Adams said the majority of training AFC provides its franchisees is done in their own franchises as the company trains the managers and employees the franchisees have hired.
“AFC is backed by urgent care experts of the highest degree with 30-plus years of experience,” he noted.
It’s this experience in the healthcare field that is invaluable for franchisees, as the healthcare and health insurance landscapes are constantly fluctuating, Adams said, adding that he couldn’t imagine trying to run an urgent care facility without the support of the franchise.
Franchisee Paul Arvanitis feels the same way. He owns franchises in the San Diego region.
“We’re viewed as a very valuable, convenient and economical source of healthcare,” Arvanitis said during a recent interview with Franchising USA.
Arvanitis currently owns three franchises and has two more under development. He purchased his first franchise in spring of 2010 before AFC acquired Doctors Express. For him, the timing was perfect, as he had just sold his interest in the business he was running and was looking for a new challenge in the healthcare field. Among his options were to build and run his own urgent care center, but he quickly became sold on mitigating his risk by joining the franchise instead.
When his introduction to the concept took place six years ago, it was still a novel idea to franchise an urgent care facility, but Arvanitis saw great potential in the concept.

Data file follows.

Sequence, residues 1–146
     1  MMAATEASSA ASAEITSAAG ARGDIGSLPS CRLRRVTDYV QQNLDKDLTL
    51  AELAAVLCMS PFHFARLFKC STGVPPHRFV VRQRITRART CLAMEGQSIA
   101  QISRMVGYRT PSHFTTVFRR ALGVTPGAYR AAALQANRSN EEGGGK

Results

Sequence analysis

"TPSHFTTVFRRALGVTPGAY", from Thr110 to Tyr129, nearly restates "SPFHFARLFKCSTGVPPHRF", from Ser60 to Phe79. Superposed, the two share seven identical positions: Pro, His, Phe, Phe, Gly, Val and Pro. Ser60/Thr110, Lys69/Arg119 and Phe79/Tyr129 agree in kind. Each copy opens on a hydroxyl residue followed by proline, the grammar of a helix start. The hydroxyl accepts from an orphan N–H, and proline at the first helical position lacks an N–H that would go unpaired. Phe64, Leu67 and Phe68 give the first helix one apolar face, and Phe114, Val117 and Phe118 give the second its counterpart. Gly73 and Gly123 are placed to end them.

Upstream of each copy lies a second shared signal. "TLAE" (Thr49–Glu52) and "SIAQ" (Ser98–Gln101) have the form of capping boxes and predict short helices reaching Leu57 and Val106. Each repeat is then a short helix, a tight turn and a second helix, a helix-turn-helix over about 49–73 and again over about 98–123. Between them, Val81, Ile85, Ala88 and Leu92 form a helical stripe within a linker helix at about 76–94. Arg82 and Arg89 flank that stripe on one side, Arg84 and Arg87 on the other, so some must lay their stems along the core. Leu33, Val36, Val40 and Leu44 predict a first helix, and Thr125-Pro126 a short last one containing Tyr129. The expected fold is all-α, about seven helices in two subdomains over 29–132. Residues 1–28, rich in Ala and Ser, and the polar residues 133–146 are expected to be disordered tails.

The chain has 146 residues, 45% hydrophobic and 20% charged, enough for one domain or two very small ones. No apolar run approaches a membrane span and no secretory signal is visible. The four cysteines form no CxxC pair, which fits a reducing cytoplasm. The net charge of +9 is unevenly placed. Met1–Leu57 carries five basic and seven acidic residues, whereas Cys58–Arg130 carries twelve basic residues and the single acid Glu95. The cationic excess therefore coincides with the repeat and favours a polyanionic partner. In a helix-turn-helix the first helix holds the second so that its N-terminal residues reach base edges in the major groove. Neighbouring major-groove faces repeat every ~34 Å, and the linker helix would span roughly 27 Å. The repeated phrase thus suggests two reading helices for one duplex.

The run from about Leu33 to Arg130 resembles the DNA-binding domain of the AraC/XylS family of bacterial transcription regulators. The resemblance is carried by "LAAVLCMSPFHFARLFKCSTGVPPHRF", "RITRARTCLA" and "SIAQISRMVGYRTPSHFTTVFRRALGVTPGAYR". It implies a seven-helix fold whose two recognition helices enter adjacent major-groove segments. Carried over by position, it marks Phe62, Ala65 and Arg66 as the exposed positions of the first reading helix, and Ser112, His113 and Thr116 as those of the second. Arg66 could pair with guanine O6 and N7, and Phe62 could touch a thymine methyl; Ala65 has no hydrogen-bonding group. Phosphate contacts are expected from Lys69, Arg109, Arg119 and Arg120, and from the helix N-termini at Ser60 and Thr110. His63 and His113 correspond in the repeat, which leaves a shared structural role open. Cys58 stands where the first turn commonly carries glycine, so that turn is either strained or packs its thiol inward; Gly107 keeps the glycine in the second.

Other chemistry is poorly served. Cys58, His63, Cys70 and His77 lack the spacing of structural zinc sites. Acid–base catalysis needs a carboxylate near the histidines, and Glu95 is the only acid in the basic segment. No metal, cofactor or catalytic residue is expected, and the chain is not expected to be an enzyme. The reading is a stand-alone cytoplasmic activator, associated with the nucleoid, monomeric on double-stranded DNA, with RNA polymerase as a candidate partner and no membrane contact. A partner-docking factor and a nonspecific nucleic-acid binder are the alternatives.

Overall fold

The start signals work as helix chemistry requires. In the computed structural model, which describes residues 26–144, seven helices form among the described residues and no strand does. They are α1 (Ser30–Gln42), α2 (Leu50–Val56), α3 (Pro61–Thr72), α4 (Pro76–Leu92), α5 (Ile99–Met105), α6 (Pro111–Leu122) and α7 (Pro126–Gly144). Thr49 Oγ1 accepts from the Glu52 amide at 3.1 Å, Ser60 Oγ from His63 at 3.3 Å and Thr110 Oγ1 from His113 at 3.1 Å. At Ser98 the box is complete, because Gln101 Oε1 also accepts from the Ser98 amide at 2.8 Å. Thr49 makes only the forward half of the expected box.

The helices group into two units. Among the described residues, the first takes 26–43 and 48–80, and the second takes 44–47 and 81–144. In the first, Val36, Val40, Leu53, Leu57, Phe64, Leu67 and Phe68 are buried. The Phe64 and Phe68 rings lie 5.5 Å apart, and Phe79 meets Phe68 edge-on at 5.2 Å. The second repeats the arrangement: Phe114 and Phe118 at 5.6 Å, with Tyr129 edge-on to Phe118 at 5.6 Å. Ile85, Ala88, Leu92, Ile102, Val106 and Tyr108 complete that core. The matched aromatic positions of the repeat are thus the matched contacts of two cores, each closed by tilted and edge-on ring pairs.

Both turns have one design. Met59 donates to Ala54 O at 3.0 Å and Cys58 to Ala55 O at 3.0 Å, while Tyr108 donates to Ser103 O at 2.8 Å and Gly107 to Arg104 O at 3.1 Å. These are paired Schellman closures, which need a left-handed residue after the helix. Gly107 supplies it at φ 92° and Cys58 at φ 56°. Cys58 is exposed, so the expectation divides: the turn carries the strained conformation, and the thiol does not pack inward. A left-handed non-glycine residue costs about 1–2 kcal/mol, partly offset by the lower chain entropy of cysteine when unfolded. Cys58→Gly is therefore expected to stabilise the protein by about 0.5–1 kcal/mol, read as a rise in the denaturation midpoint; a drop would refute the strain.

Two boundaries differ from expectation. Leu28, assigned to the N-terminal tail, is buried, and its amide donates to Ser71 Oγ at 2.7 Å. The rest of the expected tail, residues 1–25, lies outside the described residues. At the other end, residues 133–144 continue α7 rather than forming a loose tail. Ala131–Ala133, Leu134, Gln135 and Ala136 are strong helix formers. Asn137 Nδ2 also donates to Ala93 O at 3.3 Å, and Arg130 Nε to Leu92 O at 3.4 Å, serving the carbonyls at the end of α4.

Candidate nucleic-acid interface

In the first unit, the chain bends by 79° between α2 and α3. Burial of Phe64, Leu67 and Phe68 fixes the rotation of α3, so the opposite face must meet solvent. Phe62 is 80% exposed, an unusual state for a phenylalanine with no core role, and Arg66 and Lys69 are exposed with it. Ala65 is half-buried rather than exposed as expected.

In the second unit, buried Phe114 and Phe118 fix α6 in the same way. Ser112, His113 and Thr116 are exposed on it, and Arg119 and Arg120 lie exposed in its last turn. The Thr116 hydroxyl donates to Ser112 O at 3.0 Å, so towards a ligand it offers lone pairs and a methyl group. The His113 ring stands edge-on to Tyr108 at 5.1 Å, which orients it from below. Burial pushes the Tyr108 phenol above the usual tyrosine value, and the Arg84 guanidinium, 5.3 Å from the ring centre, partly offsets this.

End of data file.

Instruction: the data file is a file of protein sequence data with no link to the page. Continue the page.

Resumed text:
With an extensive career in the military lasting over two decades, primarily in healthcare administration roles, Arvanitis was especially qualified to recognize potential in the franchise opportunity.
Among his various roles throughout his career, the veteran earned a commission as a Naval
Medical Service Corps Officer in 1991, served as Associate Administrator for the Navy’s largest academic medical center and was selected for a Managed Care Fellowship in private industry to work with companies such as Kaiser Permanente, Health Net and BlueCross/BlueShield of South Carolina.
Once he left the military, he co-founded a successful healthcare capital planning firm and founded a healthcare technical services company.
A Fellow with the American College of Healthcare Executives with a Masters in Healthcare Administration and a PhD, Arvanitis was an asset for the young franchise when he joined as a franchisee.
He already had two Doctors Express urgent care centers up and running by the time AFC purchased Doctors Express, so he already had a lot of experience successfully running his franchises when the acquisition happened.
However, he did notice the acquisition by AFC had an overall positive effect on the entire franchise system.
“With their help and assistance, their information sources, their vendor relationships, their experience and everything else that goes along with that, I think AFC brings a much stronger support system than what we had in the past.”
Arvanitis credits his military training for giving him an inner discipline that helps him complete the tasks he needs to in order for his clinics to be successful. It also gave him the confidence needed to do his job well.
Plus, his military experience has also helped him be a better leader.
“The leadership training has helped as well, because as you grow, you grow your staff and you’re leading people along the way,” he explained.
For veterans like Adams and Arvanitis, AFC provides that familiar sense of service that so many ex-military members look to hold onto in their civilian lives.